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I wanted to know why we don't have federal government cost projections for single payer, so I called the Congressional Budget Office -- and reached an answering machine.
Two days later, Melissa Merson, the Communications Director with the CBO, called me back and left a polite message, explaining that the CBO takes its orders from Congress, specifically the leadership, (House Speaker and Senate Majority Leader), as well as the chairs of various committees:Finance (H-Barney Frank, D. Massachusetts; S-Max Baucus, D. Montana)
Health, Education, and Labor (S-Ted Kennedy, D. Massachusetts)
Budget (H-John Spratt, D. South Carolina; S-Kent Conrad, D. North Dakota)
Appropriations (H-David Obey, D. Wisconsin; S-Daniel Inouye, D. Hawaii)
Ways and Means (H-Charles Rangel, D. New York)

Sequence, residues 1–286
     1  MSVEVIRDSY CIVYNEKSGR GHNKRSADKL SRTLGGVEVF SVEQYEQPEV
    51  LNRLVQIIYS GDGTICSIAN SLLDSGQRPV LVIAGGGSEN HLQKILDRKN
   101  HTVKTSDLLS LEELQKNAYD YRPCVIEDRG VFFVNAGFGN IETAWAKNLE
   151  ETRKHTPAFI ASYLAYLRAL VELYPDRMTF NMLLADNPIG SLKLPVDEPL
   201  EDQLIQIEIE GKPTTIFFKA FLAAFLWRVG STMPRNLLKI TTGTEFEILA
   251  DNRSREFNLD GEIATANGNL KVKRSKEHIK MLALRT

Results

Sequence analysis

Energy and Commerce (H-Waxman, D. Los Angeles)
"We are fully aware there are members of the public who would like us to provide a cost estimate of single-payer," said Merson, "but we are inundated with requests from committees of jurisdiction. The priorities are set for us by the Congress."
Now, single-payer activists, rallying behind Progressive Democrats of America and the California Nurses Association, are demanding the congressional leadership request a CBO analysis of single-payer. Not projecting the costs is another way to marginalize the growing single-payer movement.